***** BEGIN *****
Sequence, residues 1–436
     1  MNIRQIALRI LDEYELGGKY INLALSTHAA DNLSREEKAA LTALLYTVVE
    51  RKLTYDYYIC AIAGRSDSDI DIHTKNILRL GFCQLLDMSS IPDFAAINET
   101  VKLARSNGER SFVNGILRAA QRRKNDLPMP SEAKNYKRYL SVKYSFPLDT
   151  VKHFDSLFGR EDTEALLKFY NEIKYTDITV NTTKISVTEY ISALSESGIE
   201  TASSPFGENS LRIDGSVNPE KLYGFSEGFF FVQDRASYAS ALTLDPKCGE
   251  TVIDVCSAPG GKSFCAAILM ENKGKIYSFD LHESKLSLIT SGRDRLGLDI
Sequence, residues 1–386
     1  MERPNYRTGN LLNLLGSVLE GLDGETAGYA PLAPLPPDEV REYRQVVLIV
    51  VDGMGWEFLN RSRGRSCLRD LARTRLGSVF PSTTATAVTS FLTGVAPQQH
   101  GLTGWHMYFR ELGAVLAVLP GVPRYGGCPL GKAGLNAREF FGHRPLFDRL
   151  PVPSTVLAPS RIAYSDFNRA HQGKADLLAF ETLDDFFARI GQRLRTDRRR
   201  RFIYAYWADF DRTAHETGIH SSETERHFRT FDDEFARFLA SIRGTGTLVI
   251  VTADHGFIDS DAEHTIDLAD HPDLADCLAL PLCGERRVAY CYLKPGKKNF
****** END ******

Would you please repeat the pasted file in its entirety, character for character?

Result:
Sequence, residues 1–436
     1  MNIRQIALRI LDEYELGGKY INLALSTHAA DNLSREEKAA LTALLYTVVE
    51  RKLTYDYYIC AIAGRSDSDI DIHTKNILRL GFCQLLDMSS IPDFAAINET
   101  VKLARSNGER SFVNGILRAA QRRKNDLPMP SEAKNYKRYL SVKYSFPLDT
   151  VKHFDSLFGR EDTEALLKFY NEIKYTDITV NTTKISVTEY ISALSESGIE
   201  TASSPFGENS LRIDGSVNPE KLYGFSEGFF FVQDRASYAS ALTLDPKCGE
   251  TVIDVCSAPG GKSFCAAILM ENKGKIYSFD LHESKLSLIT SGRDRLGLDI
Sequence, residues 1–386
     1  MERPNYRTGN LLNLLGSVLE GLDGETAGYA PLAPLPPDEV REYRQVVLIV
    51  VDGMGWEFLN RSRGRSCLRD LARTRLGSVF PSTTATAVTS FLTGVAPQQH
   101  GLTGWHMYFR ELGAVLAVLP GVPRYGGCPL GKAGLNAREF FGHRPLFDRL
   151  PVPSTVLAPS RIAYSDFNRA HQGKADLLAF ETLDDFFARI GQRLRTDRRR
   201  RFIYAYWADF DRTAHETGIH SSETERHFRT FDDEFARFLA SIRGTGTLVI
   251  VTADHGFIDS DAEHTIDLAD HPDLADCLAL PLCGERRVAY CYLKPGKKNF